Montana’s medical cannabis program continues its transition to a regulatory environment
Last update: July 26, 2018
While Montana’s state lawmakers are not in session in 2018, regulators continue the process of implementing new regulations for businesses that serve medical cannabis patients. Rules cover a broad range of requirements, including testing, labeling, tracking products “from seed to sale,” and many others.
Montana’s history with medical cannabis has been a difficult one. For a period of several years, lawmakers made efforts to shut down the popular state program, first by repealing the law — an effort vetoed by the governor — and later by passing a law that was largely unworkable. At one point in 2012, federal law enforcement swept through the state, shutting down dozens of businesses. But patients, advocates, and businesses persevered. Legal challenges were leveled against the new medical cannabis law, and finally voters stepped in and supported a voter initiative with sensible changes in 2016. The following legislative session, lawmakers made further revisions. Since then, the state has been rolling out revised rules, and businesses have been adjusting to the new regulatory environment. Above all, patients no longer have to wonder if the program will survive.
Regulators, businesses, and the patients they both serve continue to look for the right level of regulation to balance state interests with the financial burden those regulations can place on patients. The process is expected to continue for much of the year.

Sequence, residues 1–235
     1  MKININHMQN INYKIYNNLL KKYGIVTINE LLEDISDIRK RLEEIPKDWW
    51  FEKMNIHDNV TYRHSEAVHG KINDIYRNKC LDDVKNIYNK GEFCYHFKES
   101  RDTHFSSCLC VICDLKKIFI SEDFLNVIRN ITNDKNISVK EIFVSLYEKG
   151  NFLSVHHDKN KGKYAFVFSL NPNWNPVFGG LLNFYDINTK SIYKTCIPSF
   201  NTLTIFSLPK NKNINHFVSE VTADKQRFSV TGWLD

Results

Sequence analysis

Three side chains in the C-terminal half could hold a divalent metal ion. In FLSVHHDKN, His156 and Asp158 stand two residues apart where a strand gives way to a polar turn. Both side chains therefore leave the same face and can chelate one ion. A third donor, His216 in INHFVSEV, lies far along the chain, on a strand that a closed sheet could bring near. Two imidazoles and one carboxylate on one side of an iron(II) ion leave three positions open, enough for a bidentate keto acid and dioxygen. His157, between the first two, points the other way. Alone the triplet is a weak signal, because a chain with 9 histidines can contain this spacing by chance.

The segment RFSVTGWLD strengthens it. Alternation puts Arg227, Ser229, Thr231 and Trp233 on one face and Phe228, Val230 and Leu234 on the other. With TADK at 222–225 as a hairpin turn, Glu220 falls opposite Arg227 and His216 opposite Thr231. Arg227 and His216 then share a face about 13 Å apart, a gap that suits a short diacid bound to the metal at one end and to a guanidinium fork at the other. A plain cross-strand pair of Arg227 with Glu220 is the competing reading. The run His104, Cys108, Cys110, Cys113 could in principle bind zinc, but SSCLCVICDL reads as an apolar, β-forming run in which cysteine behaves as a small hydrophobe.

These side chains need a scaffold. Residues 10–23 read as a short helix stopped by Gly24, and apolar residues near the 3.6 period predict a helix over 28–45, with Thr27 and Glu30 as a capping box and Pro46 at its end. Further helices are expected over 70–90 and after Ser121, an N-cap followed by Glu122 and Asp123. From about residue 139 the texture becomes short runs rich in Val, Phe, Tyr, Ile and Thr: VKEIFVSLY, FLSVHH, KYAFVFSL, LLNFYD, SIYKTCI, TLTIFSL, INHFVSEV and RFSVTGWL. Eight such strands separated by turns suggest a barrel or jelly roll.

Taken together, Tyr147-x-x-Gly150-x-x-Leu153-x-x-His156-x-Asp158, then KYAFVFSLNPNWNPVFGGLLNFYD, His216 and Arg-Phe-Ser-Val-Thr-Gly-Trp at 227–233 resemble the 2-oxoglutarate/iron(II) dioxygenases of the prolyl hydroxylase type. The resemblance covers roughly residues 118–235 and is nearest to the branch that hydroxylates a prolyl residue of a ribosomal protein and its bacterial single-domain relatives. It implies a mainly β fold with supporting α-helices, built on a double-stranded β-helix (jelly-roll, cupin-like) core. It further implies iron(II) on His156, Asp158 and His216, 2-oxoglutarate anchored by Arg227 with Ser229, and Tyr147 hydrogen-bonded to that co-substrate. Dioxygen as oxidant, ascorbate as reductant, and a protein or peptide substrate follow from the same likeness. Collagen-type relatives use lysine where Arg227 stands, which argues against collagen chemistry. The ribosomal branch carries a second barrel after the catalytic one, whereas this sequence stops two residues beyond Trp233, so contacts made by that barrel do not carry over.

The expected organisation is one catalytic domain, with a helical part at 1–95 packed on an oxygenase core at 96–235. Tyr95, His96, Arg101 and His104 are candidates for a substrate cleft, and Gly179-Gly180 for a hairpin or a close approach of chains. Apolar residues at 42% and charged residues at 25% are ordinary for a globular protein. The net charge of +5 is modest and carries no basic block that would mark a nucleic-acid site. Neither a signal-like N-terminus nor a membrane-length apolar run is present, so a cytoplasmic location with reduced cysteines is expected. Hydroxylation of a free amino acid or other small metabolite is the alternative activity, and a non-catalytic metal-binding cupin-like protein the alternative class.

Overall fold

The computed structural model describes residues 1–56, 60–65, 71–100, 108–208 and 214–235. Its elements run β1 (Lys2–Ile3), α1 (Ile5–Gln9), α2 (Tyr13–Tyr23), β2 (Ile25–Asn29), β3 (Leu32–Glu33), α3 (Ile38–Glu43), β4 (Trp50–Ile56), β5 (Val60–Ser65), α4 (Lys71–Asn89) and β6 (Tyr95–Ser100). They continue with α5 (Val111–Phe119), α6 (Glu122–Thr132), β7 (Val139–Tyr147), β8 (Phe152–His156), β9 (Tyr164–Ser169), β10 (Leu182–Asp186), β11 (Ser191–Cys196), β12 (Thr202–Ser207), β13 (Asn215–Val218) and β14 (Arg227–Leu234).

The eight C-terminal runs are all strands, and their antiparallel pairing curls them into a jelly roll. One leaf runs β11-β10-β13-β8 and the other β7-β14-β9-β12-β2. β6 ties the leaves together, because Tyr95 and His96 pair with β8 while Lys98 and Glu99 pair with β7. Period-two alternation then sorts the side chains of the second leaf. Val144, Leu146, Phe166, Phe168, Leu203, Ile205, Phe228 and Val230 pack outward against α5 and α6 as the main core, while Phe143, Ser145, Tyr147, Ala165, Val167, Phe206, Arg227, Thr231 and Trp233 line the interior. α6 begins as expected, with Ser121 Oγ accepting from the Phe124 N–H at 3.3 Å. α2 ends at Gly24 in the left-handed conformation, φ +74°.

Montana’s harsh marijuana laws and efforts to change them
In Montana, possession of even a single joint for non-medical purposes can land a person in jail for six months, while possession of 60 grams or more (a little over two ounces) can result in a sentence of up to five years. These stiff marijuana penalties cause related negative consequences.
In 2012, there were 1,502 arrests or citations for marijuana-related offenses, 95% of which were for possession. The number of marijuana arrests more than tripled since 2003. At the same time, law enforcement was unable to solve 91% of all burglaries — including home invasions — and over 85% of all motor vehicle thefts. Instead of arresting adults for possession of a product that is safer than alcohol, law enforcement should focus its limited resources on going after real criminals. It’s past time for a better solution. Ask your legislators to support reducing the penalty for possession of cannabis to a civil fine.
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